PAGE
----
Digital Photos have evolved over several years and the new cameras on the iPhone and iPad Pro do a wonderful job in taking some of the finest photos. One of the problems is that some of this Digital photos can be enormous in size and could probably choke up your email bandwidth when you send these out via your mail.
If you are not planning on sending these photos and files for your latest exhibit in Paris, you can always afford to send out a less than full resolution original as an attachment in your Mail App.
Just think about the person receiving it on the other side. If he or she were to download this cute cat pic of gigantic proportions on his iPhone using a slow internet connection, that is sure to make it a little frustrating! Moreover, by choosing to save the photo on his or her’s iPhone it will also eat into their precious storage on the device, unless they save it to iCloud or choose to delete it.
Since I was recently on the receiving side of one of these emails, I figured I needed to share a simple tip with ya’ll.
Apple provides a real easy way for you to shrink these media files while attaching them to your emails.Attach your files into the draft email message and then use the drop down arrow at the right of your email to select a smaller image size.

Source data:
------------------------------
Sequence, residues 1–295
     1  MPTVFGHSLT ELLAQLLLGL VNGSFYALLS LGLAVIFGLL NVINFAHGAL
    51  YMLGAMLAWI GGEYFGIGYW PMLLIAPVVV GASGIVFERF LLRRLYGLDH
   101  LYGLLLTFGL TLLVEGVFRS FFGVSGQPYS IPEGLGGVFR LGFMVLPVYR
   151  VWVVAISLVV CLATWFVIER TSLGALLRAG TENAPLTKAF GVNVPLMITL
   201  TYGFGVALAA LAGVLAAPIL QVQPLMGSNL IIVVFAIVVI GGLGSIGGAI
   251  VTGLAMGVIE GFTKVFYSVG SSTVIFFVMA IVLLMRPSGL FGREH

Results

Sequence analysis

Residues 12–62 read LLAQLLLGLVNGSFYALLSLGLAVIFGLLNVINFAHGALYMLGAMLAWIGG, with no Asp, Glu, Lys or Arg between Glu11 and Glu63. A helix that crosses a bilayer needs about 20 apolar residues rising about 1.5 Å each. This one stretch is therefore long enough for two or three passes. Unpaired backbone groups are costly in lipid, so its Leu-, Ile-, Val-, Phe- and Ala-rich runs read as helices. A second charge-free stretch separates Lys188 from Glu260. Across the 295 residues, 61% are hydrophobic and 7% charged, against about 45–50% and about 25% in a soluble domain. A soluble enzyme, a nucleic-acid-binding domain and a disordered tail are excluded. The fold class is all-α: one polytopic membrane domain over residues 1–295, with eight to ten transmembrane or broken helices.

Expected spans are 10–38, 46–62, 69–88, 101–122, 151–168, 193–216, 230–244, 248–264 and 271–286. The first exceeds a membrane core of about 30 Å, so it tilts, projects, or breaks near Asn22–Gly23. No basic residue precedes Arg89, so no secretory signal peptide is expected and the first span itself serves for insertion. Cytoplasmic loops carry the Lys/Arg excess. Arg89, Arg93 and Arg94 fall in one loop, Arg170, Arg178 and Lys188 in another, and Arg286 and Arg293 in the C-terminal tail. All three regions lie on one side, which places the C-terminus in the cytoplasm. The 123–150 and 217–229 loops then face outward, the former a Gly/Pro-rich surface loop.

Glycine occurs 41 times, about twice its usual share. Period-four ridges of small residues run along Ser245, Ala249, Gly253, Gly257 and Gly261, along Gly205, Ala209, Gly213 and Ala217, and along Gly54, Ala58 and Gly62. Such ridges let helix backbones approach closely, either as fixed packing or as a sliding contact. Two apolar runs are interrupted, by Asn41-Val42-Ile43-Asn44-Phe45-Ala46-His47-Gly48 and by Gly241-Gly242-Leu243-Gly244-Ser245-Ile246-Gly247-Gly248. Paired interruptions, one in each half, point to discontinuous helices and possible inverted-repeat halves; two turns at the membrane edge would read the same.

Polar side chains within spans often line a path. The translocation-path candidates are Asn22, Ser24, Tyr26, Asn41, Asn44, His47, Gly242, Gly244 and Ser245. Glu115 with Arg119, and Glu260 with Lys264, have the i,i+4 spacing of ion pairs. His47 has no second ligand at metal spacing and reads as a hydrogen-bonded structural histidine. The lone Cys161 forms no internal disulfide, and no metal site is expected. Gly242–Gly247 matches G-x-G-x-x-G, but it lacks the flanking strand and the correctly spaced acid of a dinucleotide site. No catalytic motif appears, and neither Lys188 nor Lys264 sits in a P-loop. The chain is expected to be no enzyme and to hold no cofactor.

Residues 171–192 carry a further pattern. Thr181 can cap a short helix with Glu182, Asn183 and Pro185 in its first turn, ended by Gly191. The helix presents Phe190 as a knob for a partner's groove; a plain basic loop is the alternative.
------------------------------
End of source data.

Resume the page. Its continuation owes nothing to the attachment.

And What if you really wanted each of Mr Whisker’s whiskers to stand out in the finest resolution? With iOS 9.2 and up, Apple provides you with a nice feature called Mail Drop.
If you want to attach files that are too large to send in email, you can use Mail Drop. It lets you upload attachments up to 5 GB and send a link or preview to your recipients. You can send these attachments from iCloud.com or from the Mail app on your iOS device (iOS 9.2 or later) or Mac (OS X v10.11 or later).
Recipients can download Mr. Whisker attachments for 30 days after they’re sent.
While writing a new email message, click the Attach button at the top of the message window. On iPhone or iPad, simply tap on the message window and choose “Insert Photo or Video”. If your photo or video is stored on your icloud drive, you can choose “attachment” instead as shown in the images below.
Select the files you want to attach, then click the Choose button to begin uploading the files.
If your attachments are too large to send in email, iCloud Mail asks if you want to deliver the attachments using Mail Drop. If you agree, Mail Drop uploads the attachments to iCloud. When the recipient receives the email, he or she can choose to download the photo made available by a link.
We hope that you save this cute cat’s pic as a reminder for this tip. This is a new feature that was made available with iOS 9.2. Please avail yourself of the free icloud drive and take this feature out for a spin and let us know your thoughts.
Moreover it is halfway through the week so we are hoping that Mr. Whisker does cheer you up.
Please feel free to share some of your favorite tips when it comes to sending large attachments via email to your friends or family.
Obsessed with tech since the early arrival of A/UX on Apple, Sudz (SK) is responsible for the editorial direction of AppleToolBox. He is based out of Los Angeles, CA.
Sudz specializes in covering all things macOS, having reviewed dozens of OS X and macOS developments over the years.
In a former life, Sudz worked helping Fortune 100 companies with their technology and business transformation aspirations.